I have been very concerned about the burgeoning evidence of the dangers of being distracted while driving.
My concerns have been buttressed by a new report.
A national survey of more than 5,600 high school students conducted by an alliance between The Children's Hospital of Philadelphia and State Farm Insurance Companies indicates that high school students are routinely driving under highly dangerous conditions.
Teens who participated in the study say they routinely drive while fatigued and while talking on cell phones, and that they let strong emotions cloud their judgment. Many also admitted that they are not wearing seatbelts.
The National Teen Driver Survey represents 10.6 million 9th, 10th, and 11th grade students in U.S. public high schools.
The survey results are available as a downloadable report on Keeping Young Drivers Safe, a new Web site for parents and educators from the Children's Hospital of Philadelphia/State Farm alliance. The site is packed with practical information on developing a plan that will enable new drivers to develop the skills and habits they need to stay safe.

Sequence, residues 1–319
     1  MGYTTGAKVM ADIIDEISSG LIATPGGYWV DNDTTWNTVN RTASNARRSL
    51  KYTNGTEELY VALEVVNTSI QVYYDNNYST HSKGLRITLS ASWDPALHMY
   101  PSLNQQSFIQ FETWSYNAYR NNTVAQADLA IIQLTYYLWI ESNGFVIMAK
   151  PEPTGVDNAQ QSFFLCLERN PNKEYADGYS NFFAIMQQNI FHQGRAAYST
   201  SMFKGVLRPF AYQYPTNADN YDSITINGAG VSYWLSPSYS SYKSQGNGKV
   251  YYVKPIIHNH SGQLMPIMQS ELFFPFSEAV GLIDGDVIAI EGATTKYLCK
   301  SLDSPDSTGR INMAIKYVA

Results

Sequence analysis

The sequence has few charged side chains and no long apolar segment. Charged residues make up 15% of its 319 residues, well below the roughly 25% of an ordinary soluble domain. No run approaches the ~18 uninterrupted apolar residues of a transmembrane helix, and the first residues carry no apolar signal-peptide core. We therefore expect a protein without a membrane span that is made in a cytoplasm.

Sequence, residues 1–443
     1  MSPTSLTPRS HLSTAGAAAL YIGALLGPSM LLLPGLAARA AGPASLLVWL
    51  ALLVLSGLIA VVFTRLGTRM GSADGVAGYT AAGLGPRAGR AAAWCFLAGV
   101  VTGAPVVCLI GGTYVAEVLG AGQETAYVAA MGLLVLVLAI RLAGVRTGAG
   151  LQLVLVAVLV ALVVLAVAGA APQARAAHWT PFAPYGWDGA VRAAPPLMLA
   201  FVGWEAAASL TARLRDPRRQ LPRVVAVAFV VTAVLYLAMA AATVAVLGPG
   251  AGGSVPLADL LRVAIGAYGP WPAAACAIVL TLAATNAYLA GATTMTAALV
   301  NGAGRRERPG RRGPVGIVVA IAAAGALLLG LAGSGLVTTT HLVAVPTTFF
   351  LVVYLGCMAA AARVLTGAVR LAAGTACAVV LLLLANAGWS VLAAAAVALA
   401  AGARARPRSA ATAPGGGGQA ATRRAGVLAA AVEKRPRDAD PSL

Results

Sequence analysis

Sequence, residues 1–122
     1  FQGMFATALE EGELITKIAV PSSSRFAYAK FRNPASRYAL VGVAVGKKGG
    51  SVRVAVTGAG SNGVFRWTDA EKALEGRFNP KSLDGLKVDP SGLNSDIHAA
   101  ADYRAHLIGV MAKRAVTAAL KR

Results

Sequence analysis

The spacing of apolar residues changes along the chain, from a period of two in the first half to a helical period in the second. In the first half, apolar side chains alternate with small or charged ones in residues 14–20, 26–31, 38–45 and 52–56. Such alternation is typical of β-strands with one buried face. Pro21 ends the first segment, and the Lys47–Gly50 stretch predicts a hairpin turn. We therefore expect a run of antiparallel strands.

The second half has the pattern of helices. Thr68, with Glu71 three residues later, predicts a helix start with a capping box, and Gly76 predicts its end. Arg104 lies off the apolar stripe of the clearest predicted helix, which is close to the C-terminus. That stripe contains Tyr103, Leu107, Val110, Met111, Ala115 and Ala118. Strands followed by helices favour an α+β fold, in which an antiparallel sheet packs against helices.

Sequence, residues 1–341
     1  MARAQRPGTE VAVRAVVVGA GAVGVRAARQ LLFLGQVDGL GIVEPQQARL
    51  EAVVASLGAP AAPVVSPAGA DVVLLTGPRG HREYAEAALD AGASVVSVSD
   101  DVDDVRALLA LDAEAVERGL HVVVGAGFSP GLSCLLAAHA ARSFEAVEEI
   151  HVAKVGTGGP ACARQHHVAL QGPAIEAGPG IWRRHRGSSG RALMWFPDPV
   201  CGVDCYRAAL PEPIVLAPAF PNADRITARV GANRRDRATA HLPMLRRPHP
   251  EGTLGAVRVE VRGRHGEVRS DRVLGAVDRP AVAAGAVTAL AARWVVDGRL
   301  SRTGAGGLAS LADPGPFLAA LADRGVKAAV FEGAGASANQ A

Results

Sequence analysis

You can also visit the site at www.chop.edu/youngdrivers, where you will find information on working with a new driver to set goals and rules; developing a timeline for parent-guided driving lessons; and developing a parent/teen driving agreement.